The Swiss Spectator focuses on the history and culture of Switzerland, a remarkable country with a robust business environment, a relatively well-functioning (direct) democracy and respect for the rule of law. There is an overview of museums and exhibitions, cultural events, monuments, the rich cultural heritage, commemorations and the beautiful nature. The relationship between Switzerland and the European Union is also covered. The surrounding regions have always played a crucial role in Swiss history and culture: Northern Italy (Valley of Aoste, Lombardy and Vinschgau (Venosta), Eastern France (Franche-Comté, Alsace, Haute-Savoie and Savoie), Southern Germany (Lake Constance region) and Austria (Vorarlberg). Four periods and subjects are being covered: the Roman Empire and the process of romanisation, the Middle Ages (from the Kingdoms of Burgundy to the sixteenth century), the long nineteenth century (1815-1918) and multicultural, multilinguistic and cosmopolitan Switzerland.

Events & Projects


Engineer Eduard Locher  (1840-1910) built the steepest cogwheel railway in the world up to Mount Pilatus Kulm in the canton of Lucerne. The 4618 meters long railway was opened in 1889 and has a max. 48% gradient. It was achieved by the innovative construction of two horizontally revolving cogwheels. The Panorama Gallery features all-round glazing … Read more » “Pilatus”


The Craddle of Switzerland

Switzerland will be 729 years old as of 1 August 2020. Or is it not? On the first of August, Switzerland celebrates the alliance between the three Orte Uri, Schwyz and Unterwalden. The document itself does not give an exact date, but speaks of the beginning of August of the year 1291. The first commemoration … Read more » “The Craddle of Switzerland”


Birsfelden hydroelectric power station

The Birsfelden hydroelectric power station (Rheinkraftwerk Birsfelden) in the canton of Basel-Landschaft was built in 1954. The first plans date from the last decades of the 19th century. At that time, however, there was no need for (clean) electrical energy. The alternatives (mainly coal, wood) were cheaper and widely available. However, the Second World War … Read more » “Birsfelden hydroelectric power station”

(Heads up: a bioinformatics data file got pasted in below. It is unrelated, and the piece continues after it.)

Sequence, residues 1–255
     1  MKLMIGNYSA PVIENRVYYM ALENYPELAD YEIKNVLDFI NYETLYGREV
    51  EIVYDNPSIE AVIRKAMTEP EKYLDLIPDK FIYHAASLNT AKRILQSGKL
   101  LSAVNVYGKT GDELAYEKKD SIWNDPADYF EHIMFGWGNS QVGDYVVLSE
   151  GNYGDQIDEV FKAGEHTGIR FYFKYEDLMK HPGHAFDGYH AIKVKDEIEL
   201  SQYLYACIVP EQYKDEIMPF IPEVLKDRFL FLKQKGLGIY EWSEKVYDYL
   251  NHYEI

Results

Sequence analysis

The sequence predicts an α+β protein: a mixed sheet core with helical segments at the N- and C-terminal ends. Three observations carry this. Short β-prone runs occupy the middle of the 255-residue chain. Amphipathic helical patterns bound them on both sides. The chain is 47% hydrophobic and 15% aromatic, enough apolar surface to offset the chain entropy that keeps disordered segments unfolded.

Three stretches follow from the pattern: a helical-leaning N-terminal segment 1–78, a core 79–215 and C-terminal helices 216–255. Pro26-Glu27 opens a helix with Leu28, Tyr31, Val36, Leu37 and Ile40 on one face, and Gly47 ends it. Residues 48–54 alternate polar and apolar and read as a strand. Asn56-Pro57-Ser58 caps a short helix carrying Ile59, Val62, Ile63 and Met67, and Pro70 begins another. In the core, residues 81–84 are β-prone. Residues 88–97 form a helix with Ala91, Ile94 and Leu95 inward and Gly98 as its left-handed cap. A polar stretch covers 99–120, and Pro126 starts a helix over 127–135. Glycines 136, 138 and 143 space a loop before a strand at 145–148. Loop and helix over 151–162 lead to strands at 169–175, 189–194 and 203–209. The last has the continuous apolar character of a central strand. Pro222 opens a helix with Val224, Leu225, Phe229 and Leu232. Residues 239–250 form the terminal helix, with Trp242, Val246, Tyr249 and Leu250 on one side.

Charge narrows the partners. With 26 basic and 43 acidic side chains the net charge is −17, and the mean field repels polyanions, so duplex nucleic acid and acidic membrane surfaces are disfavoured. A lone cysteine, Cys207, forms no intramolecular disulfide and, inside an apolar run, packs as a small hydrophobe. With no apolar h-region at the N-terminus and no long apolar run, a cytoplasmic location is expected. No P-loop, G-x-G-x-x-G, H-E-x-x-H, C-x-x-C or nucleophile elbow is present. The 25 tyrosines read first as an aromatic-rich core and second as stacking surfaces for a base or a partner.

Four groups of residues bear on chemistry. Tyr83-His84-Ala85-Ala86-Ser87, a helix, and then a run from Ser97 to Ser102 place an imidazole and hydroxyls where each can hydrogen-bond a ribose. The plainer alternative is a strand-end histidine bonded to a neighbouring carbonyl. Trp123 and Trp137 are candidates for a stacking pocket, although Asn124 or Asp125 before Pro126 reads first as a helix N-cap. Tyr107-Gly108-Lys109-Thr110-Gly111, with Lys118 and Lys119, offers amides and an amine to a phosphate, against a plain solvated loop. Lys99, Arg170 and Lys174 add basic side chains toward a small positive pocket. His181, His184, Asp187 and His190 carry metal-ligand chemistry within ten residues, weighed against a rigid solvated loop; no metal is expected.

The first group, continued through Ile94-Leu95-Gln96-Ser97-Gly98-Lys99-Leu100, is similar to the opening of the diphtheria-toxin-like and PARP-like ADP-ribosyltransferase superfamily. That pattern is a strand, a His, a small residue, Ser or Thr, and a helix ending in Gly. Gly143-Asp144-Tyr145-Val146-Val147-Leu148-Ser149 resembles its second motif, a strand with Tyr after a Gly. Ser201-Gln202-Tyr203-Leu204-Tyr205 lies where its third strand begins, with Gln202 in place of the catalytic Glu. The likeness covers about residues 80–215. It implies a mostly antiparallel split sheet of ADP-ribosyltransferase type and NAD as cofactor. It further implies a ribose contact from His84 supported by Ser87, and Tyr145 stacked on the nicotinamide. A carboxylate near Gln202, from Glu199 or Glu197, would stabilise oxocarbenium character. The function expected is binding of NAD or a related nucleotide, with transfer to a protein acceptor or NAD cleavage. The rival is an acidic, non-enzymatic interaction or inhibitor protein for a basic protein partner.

Multicultural and Cosmopolitan Switzerland

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The development of German-, Italian-, French- and Romansh-speaking cantons will be discussed. The Roman Empire and the Middle Ages are the crucial periods. The present-day multicultural, democratic and cosmopolitan society will also be addressed.


The Barbus Müller Sculptures

In 1939, strange sculptures appeared on the Paris antiquities market. Josef Müller (1887-1977), the founder of the collection of the Barbier-Müller museum in Geneva, acquired about twenty of them. Jean Dubuffet (1901-1985) discovered them in 1945. He was fascinated by these creations and baptized them “Barbus Müller”, probably after the beard that certain pieces sport … Read more » “The Barbus Müller Sculptures”

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The Union and the Disunion on the first of August

Switzerland is a small country (the size of the Netherlands) at the heart of Europe. Its fascinating history and culture and (direct) democratic, economic, monetary, political and multicultural accomplishments are (too) often overlooked and neglected by other (neighbouring) European countries. Switzerland and its centuries of (not always peaceful and neutral) development to one of the … Read more » “The Union and the Disunion on the first of August”


Wonders of Nature in Switzerland

There are many caves and stalactite formations, gorges, roaring rivers and waterfalls, underground lakes and steep rocky slopes in Switzerland. The Vialama Gorge, the Rhine Gorge, the Tamina Gorge or the many thermal water springs in Graubünden, the Rhine Falls near Schaffhausen, the Rosenlaui Glacier Gorge near Meiringen and the St. Beatus Caves near Interlaken … Read more » “Wonders of Nature in Switzerland”